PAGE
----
Many homes have lousy indoor air. At least that’s the conclusion one would draw, upon seeing the entire volume of fine particles flying around inside, when lit up by a sharp beam of sunlight. A lucky coincidence may allow one to observe that, when taking a sheet of paper tissue from the usual box dispenser, a thick cloud of fine paper dust flies up into the air.
Known to be working in the computer industry, acquaintances still regularly ask me about buying computers. My generic advice over the last few years has been to spend no more than 5-800 bucks and avoid high-end machines. Clearly even low-end computers nowadays are perfectly adequate for most ordinary uses.
This afternoon I completed my first Hope Air mission. It consisted of a two-hour flight to Sault Ste. Marie, pickup of two people, and immediately returning to Toronto. The clients were not familiar with little airplanes, but put an unconvincingly brave face on. I and my co-pilot (Nathan Myers, old flight instructor) tried to soothe their nerves on the ground during our brief stopover.
Today Juimiin and I went off flying north to do some leaf peeping in the south Georgian Bay area. After some low-altitude orbiting, we found the spot – also on google map – where the formerly annual CottageFestTM event took place (a late-summer gettogether by Red Hat cow-orkers, hosted by Dave Brolley’s parents). To our disappointment, most of the land was still green, at least where it wasn’t water- or stone- or road- or house-coloured. Most of the darned trees still held on to their foliage.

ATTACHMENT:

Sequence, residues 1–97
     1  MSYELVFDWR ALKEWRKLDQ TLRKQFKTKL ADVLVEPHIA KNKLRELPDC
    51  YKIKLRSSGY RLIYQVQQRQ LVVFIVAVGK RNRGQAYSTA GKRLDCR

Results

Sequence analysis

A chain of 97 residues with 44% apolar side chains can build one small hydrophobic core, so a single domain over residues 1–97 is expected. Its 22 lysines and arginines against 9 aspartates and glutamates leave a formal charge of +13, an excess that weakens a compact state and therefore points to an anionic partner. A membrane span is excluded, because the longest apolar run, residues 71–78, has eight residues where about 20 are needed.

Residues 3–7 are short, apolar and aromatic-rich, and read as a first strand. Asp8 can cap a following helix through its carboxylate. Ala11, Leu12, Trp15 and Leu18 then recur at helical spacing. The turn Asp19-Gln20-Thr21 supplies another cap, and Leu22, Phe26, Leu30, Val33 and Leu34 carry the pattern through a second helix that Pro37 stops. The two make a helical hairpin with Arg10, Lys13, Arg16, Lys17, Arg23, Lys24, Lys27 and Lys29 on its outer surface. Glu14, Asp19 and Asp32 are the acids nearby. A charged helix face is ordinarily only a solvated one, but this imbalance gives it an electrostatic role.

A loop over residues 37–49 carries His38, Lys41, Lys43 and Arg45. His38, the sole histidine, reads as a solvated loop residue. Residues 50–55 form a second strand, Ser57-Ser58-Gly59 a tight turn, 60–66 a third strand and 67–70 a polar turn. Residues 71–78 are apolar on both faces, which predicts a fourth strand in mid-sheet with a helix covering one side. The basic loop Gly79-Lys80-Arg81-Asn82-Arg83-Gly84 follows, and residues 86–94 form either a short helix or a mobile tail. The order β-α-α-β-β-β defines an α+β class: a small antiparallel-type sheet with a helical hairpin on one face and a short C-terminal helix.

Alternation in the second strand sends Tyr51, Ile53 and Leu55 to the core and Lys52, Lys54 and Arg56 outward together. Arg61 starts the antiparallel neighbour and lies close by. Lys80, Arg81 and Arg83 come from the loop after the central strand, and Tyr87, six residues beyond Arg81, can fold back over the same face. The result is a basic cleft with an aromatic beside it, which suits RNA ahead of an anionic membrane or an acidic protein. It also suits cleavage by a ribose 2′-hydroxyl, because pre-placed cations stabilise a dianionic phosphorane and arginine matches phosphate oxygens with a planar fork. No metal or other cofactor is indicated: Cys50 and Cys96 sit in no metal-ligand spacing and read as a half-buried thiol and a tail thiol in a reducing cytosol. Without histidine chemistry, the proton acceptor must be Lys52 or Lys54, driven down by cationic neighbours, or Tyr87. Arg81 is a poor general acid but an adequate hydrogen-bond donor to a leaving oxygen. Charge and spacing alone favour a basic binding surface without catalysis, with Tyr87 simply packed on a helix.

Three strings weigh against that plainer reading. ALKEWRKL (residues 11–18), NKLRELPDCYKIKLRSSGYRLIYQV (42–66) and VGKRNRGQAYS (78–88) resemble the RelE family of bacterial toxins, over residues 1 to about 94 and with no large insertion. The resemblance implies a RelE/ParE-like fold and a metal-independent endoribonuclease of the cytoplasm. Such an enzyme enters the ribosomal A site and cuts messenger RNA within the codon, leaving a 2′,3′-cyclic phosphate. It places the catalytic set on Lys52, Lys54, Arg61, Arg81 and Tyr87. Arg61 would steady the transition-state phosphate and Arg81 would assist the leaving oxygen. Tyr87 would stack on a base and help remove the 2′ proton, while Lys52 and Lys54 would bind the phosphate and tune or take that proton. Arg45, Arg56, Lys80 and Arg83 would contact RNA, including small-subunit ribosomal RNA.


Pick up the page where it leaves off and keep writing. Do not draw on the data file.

This will not do. We will revisit the area until the colours have well and truly changed.
Airplanes have lots of lights. Some coloured bulbs on the wingtips, some strobe bulbs all over, lots of little lights inside the cockpit to keep instruments lit at night, plus a taxi light and a landing light. The landing light is an unusually large and powerful bulb because its purpose is to illuminate the ground/runway when landing at night. Therefore, it puts out a lot of juice (250W on GXRP), and not-coincidentally has a relatively short lifespan (20-50 hours).
It appears that whiny big city governments are at some point soon going to get even more subsidies from provincial and federal governments, supposedly for running things like the local transit system. So, on one hand there are claims that cities like Toronto are the “economic engines”, and on the other hand, it needs subsidies from residents of Timmins so locals can ride the bus. Hello??! If Toronto politicians proclaim their city’s importance and power, have they no shame when the next moment they limp around begging for subsidies from outside?
One of the ways politicians bend a population to their wills is by changing the language of discourse. By associating new meanings with old terms, or inventing new terms, they hope to misuse existing connotations or induce confusion – the very opposite of clear communication. Of course advertisements use the same tricks. They are everywhere.